The indication criteria for UKA were: older than 55 years; a correctable varus deformity (varus less than 15 degrees); flexion deformity less than 15 degrees; intact ligaments, especially the anterior cruciate ligament (ACL) and medial collateral ligament (MCL) which should be functionally normal; an intact lateral compartment; proper range of motion (at least 0–100 degrees); and no inflammatory disease. We observed the stage of deterioration of the ACL intraoperatively. If the ACL deficiency was less than grade 2 we performed an Oxford UKA (ACL grades: 1. Normal; 2. Loss of synovial covering, usually starting distally; 3. Longitudinal splits in the substance of the exposed ligament; 4. Friable and fragmented with stretching and loss of strength of the collagen bundles; 5. Absent or ruptured).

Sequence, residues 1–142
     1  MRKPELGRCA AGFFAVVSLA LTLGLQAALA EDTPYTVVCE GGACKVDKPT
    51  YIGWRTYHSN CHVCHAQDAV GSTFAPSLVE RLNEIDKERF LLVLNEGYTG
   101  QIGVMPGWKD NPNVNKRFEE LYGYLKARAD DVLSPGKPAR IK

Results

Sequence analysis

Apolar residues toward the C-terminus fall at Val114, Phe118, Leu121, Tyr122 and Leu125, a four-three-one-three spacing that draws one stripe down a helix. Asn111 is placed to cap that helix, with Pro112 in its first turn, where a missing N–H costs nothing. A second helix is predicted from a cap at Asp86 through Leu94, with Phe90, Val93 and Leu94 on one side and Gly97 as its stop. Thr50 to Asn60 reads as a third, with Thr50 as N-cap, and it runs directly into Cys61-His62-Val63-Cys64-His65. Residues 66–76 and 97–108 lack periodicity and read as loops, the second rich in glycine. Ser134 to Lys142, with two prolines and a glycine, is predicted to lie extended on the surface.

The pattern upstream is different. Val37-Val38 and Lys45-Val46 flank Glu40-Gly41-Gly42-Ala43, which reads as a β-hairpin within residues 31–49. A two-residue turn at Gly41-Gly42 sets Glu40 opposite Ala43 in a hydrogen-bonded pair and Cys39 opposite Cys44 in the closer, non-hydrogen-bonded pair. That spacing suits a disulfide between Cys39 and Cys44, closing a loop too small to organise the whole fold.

Exclusion criteria: The lateral side of the patellofemoral joint exhibited bone loss with eburnation and longitudinal grooving; absent or severely damaged ACL (or PCL or MCL).

Surgical technique and perioperative management

The same group of surgeons performed all the operations. The patient was placed in the supine position and a tourniquet was applied to the proximal thigh on the operative side. All patients underwent the standard Oxford UKA surgical procedure (minimally invasive Oxford UKA, using the Oxford Microplasty instrumentation). All patients received an analgesic intra-articular cocktail mixture injection containing ropivacaine, parecoxib sodium, oxycodone, epinephrine, and tranexamic acid. Patients received an intravenous infusion of drugs to control pain for 3 days after surgery. All patients routinely received a drainage tube; removed on the first day after surgery. All patients received anticoagulant therapy from 1 day after surgery until 2 weeks after surgery.